147. Know this: that whatever situation you find yourself in, it is what is necessary for your development. An entity must apply in its associations from day to day a word here and a word there, one today, another tomorrow, and the next day, with the understanding that from such activities in word and deed, self-development will come... When an entity has prepared itself through constant forward movement towards service, the necessary circumstances for change will come about so that he may see the next step, the next opportunity... Haste not and be not over-anxious; for is not the whole of the building of His making? — Edgar Cayce (1877-1945)

  148. According to the reincarnation concept, no effort is ever wasted. — Gina Cerminara (1914-1984)

  149. In the carriages of the past, you can't go anywhere. — Maxim Gorky (1868-1936) in The Lower Depths

  150. It is very easy to be down on what you are not up on. — J. Allen Hynek (1910-1986)

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  151. Computers are too important to be left to the expert. — L. G. Payne & P. T. S. Brown

  152. Nostalgia is recalling the fun without reliving the pain. — Unknown; attrib. Bette Davis (1908-1989)

  153. I have always held firmly to the thought that each one of us can do a little to bring some portion of misery to an end. — Albert Schweitzer (1875-1965)

  154. By then I knew that everything good and bad left an emptiness when it stopped. But if it was bad, the emptiness filled up by itself. If it was good, you could only fill it by finding something better. — Ernest Hemingway (1899-1961) in A Moveable Feast

  155. When you reach the end of your rope, tie a knot and hang on. — Franklin Roosevelt (1882-1945)

  156. I know that the dissolutions of personal friendship are among the most painful occurrences in human life. — Thomas Jefferson (1743-1826)

  157. The treasures are in the mind that seeks them. Otherwise they are not recognized. — Loren Eiseley (1907-1977)

  158. Some people who think they are big cheeses only smell like it. — Unknown

  159. Don't take time to look back. Somethin' might be gainin' on you. — Leroy "Satchel" Paige (1906-1982)

  160. There are several good protections against temptation, but the surest is cowardice. — Mark Twain (1835-1910)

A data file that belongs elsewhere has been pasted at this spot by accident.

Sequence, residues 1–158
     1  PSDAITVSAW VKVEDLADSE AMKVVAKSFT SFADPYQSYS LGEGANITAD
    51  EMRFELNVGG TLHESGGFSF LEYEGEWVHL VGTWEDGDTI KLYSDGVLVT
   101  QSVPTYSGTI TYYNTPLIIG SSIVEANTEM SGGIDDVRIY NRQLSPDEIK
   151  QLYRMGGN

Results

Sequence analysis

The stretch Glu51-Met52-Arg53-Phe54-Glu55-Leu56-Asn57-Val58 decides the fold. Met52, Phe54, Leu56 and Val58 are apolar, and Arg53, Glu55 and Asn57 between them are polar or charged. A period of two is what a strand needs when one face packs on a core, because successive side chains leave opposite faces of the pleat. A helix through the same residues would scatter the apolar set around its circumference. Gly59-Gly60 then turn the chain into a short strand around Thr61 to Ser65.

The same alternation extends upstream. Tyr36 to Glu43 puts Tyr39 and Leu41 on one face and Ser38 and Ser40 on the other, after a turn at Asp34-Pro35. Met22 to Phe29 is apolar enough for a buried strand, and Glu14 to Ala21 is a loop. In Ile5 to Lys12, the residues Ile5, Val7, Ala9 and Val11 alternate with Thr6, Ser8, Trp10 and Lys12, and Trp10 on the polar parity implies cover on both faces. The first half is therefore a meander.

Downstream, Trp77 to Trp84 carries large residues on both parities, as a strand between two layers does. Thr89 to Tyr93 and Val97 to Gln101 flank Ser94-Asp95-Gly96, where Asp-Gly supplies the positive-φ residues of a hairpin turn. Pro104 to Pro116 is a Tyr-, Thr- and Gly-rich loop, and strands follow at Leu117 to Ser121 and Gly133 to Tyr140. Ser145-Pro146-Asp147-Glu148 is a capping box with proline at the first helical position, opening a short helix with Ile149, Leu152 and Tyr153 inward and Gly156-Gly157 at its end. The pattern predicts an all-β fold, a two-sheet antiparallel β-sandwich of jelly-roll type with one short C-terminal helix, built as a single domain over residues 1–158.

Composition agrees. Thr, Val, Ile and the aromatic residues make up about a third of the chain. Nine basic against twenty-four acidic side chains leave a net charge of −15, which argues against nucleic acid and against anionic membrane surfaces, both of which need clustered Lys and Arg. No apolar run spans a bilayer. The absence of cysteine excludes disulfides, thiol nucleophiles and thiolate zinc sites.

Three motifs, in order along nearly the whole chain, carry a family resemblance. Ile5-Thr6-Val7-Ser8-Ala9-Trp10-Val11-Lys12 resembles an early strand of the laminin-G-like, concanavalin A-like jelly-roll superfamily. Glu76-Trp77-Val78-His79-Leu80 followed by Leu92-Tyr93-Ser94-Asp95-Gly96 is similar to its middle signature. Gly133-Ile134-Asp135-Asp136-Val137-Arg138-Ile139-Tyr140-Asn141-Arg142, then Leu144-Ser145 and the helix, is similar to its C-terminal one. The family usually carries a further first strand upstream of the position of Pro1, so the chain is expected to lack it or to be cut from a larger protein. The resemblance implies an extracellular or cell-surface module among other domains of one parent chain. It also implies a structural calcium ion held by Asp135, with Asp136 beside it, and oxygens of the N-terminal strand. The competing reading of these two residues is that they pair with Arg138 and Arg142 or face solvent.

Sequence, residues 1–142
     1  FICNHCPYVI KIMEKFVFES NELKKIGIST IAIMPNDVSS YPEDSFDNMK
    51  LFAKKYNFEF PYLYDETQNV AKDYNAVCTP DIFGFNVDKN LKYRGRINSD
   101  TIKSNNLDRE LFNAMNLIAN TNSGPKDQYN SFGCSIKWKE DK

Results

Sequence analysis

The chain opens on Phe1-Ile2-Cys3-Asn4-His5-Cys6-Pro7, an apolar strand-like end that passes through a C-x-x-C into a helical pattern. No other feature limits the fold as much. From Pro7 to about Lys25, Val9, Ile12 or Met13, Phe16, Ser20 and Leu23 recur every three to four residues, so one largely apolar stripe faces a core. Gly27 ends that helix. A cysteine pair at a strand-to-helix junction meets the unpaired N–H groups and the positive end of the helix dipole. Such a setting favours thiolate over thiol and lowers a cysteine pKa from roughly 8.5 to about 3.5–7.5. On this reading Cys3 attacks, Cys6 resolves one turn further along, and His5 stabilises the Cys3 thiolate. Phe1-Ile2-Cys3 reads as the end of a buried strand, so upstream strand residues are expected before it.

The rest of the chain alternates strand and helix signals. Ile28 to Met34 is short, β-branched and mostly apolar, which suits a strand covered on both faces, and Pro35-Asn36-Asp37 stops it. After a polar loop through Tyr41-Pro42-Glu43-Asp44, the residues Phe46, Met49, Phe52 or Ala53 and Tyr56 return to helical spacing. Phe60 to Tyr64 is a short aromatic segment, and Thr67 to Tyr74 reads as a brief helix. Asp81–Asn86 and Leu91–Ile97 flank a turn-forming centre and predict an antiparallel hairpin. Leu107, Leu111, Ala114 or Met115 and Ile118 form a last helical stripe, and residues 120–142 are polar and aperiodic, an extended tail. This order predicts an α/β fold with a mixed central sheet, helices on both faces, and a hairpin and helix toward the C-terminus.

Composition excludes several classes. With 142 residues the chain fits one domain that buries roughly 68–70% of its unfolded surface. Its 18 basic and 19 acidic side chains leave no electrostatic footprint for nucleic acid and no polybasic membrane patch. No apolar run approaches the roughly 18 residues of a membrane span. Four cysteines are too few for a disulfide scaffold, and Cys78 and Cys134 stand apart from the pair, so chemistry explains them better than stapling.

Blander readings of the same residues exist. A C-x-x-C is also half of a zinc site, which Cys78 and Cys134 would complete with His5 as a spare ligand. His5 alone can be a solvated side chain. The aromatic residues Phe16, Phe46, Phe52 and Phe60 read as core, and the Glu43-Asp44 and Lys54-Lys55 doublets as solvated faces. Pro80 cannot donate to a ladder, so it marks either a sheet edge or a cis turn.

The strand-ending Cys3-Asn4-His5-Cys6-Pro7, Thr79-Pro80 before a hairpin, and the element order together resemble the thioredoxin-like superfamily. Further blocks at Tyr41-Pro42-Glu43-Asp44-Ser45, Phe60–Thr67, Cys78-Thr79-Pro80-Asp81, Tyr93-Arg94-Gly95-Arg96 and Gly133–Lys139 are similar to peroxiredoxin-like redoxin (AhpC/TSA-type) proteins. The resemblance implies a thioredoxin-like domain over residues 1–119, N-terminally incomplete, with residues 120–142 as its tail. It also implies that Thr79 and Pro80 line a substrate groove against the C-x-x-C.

161. There is no cure for birth and death, save to enjoy the interval. — George Santayana (1863-1952)

  162. Humor is the only thing which stands between us and the dark. — Mark van Doren (1894-1972)

  163. I believe everybody is ignorant... only on different subjects. — Will Rogers (1879-1935)

  164. Always do right. This will gratify some people and astonish the rest. — Mark Twain (1835-1910)

  165. A day is wasted without laughter. — Sébastien-Roch Nicolas de Chamfort (1740-1794)

  166. This is the beginning of a new day. God has given me this day to use as I will. I can waste it or grow in its light and be of service to others. But what I do with this day is important because I have exchanged a day of my life for it. When tomorrow comes, today will be gone forever. I hope I will not regret the price I paid for it. — W. Heartsill Wilson (1920-1994)

  167. Lord, help me learn not to talk while you are interrupting! — Unknown

  168. There are only two lasting bequests we can give our children: one is roots, the other, wings. — Hodding Carter (1935- )

  169. Dear Father, hear and bless thy beasts and singing birds, and guard with tenderness small things which have no words. — Eloise Burns Wilkin (1904-1987)

  170. All I want is less to do, more time to do it, and more pay for not getting it done. — Unknown

  171. Pray for a good harvest but keep on hoeing. — Slovenian Proverb

  172. God grant me SERENITY to accept the things I cannot change, COURAGE to change the things I can, and WISDOM to know the difference. — Alcoholics Anonymous